• Obama's Economic Recovery Speech (By Justin Gardner, Donklephant) I'm calling on all Americans – Democrats and Republicans – to put good ideas ahead of the old ideological battles; a sense of common purpose above the same narrow partisanship; and insist that the first question each of us asks isn't "What's good for me?" but "What's good for the country my children will inherit?" from transcript

  • Dueling New York Senate Polls (by: JeremiahTheMessiah, Swing State Project) In the match-up with King, Kennedy gets support from 74% of Democrats and holds a 12-point lead among unaffiliated voters. King is supported by 73% of Republicans.
  • SENATE DEAL Pain vs. gain (Winners & Losers - Crains New York) LOSERS: Frank McKay and the Independence Party. They spent big on Senate Republicans after failing to get Mayor Michael Bloomberg to run for president, and they backed John McCain. That's three strikes.
  • Independence Party forms - Overtakes Conservative Party for 3rd party status in NYS (by Patrick Rocchio, BRONX) "For the first time in the history of the awards, which promote good government, we have a county committee in the Bronx," said Bronx County Independence Party chairman Keith McHenry. "Our goal is to fight partisanship."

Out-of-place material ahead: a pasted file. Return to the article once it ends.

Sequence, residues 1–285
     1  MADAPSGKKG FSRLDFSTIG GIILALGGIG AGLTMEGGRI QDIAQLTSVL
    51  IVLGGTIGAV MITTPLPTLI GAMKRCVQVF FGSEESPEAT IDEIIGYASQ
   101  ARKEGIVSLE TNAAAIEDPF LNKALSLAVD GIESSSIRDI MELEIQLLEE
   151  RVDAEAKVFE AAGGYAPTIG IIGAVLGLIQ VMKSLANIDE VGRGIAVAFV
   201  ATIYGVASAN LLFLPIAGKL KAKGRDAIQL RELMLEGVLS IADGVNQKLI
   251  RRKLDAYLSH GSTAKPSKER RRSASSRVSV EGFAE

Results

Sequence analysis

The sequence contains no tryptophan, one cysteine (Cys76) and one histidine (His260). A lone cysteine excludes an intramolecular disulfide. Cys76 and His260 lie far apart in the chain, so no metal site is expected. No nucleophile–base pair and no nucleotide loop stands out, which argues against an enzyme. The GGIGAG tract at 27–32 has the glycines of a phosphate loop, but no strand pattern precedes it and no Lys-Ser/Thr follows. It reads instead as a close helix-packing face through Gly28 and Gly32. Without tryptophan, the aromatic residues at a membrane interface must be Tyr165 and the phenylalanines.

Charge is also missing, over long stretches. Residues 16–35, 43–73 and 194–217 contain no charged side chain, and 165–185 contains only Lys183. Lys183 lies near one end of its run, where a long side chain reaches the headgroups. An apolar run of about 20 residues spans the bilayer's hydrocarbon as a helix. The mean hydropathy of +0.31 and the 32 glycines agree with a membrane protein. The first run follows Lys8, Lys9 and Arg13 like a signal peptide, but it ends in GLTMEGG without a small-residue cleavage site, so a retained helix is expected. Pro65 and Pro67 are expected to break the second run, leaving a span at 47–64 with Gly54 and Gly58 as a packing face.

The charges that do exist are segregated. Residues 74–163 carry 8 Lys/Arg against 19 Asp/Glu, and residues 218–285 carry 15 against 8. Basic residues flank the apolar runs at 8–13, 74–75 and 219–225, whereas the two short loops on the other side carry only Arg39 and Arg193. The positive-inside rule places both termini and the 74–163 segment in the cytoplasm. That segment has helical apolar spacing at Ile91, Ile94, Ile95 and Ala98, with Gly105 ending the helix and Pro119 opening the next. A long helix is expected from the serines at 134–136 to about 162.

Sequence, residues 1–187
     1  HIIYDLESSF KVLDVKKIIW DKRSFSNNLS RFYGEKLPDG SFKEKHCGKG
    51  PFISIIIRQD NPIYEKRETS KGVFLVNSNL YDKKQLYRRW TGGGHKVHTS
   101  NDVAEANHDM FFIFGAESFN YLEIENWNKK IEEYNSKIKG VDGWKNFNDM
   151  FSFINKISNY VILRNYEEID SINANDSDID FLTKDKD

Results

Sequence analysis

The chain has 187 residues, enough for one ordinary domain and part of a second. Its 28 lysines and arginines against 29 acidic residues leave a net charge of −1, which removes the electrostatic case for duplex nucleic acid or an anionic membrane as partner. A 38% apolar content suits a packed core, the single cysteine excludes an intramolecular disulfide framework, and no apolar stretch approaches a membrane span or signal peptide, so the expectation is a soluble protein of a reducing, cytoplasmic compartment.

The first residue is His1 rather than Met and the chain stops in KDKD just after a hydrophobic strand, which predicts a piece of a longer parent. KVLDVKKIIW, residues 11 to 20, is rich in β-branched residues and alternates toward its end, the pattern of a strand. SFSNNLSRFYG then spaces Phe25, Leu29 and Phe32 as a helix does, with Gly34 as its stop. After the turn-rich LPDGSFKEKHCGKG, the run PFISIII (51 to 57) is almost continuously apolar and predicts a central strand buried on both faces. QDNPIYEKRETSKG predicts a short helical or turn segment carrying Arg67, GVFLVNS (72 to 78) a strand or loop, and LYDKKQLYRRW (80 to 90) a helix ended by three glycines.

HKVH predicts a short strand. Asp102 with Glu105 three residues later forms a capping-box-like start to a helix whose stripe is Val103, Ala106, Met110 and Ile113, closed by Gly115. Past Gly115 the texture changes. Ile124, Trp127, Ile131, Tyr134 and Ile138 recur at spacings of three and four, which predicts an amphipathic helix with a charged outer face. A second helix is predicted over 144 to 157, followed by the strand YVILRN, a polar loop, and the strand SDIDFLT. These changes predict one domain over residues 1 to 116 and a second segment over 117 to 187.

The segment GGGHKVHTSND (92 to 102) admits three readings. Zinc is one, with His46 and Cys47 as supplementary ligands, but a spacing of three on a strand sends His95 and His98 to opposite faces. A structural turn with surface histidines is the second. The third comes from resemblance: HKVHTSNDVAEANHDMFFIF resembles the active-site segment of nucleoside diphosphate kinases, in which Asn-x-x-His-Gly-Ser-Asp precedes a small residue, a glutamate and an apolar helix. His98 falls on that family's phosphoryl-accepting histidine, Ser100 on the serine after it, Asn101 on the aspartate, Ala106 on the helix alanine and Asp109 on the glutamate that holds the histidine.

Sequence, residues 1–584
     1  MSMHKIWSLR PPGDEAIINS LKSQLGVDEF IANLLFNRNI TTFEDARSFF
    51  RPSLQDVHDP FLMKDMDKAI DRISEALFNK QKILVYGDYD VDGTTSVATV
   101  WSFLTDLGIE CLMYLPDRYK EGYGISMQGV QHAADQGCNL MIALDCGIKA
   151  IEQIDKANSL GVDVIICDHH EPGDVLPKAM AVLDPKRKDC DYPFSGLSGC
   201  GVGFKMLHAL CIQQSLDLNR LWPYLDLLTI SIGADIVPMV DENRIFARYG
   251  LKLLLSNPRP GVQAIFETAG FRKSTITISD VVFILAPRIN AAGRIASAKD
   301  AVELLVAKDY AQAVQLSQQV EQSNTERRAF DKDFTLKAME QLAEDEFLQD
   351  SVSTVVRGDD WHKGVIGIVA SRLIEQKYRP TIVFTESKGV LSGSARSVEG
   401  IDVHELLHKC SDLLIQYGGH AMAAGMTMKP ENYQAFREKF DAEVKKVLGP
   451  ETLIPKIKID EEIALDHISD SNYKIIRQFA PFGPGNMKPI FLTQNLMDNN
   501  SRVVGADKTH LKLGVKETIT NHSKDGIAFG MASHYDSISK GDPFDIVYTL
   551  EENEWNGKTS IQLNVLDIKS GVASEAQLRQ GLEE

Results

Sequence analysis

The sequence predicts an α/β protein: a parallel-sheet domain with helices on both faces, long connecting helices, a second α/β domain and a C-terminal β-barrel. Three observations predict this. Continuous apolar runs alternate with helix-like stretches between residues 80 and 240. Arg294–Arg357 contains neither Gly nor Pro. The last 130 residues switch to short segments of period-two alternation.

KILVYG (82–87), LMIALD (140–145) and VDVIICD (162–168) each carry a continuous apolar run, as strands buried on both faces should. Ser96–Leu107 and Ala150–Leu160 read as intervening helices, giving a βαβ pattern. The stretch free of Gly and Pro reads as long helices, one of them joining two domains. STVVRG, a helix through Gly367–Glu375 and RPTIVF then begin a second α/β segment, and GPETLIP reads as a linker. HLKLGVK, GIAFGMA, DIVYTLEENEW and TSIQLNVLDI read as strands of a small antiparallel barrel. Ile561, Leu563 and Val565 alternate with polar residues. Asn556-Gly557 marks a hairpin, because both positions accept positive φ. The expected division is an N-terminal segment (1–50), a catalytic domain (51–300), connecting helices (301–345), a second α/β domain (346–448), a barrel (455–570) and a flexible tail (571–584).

Saturday, January 10, 2009

Talk Talk: Paradigm or Pause

Sunday, January 4, 2009

Every weekend CUIP's president Jacqueline Salit and strategist and philosopher Fred Newman watch the political talk shows and discuss them. Here are excerpts from their dialogue on Sunday, January 4, 2009 after watching selections from "The NewsHour with Jim Lehrer," "Hardball with Chris Matthews" and "The McLaughlin Group."

Salit: When I first posed Chris Matthews' question to you – is this a paradigm shift or just a pause? – you said that the paradigm shift has already happened.


Newman: Yes.


Salit: So, what are the characteristics of that paradigm shift?


Newman: The world is not uni-polar or even bi-polar. It's multi-polar. There are a lot of powerful countries – China, India, Brazil, etc. And they're starting to relate differently. They're not relating to one common center or to a bi-polar power dynamic, like the U.S./Soviet Union. They're relating more directly to each other. In that kind of world, there's a pressing need to discover what shape things are going to take…economically, socially, politically, diplomatically. Countries all over the world are struggling with that, to figure out what they would like to see emerge and whether they can effect it. And, if they can't effect their ultimate design, then what can they effect? That's what's going on in the world.

Continue reading Talk Talk here.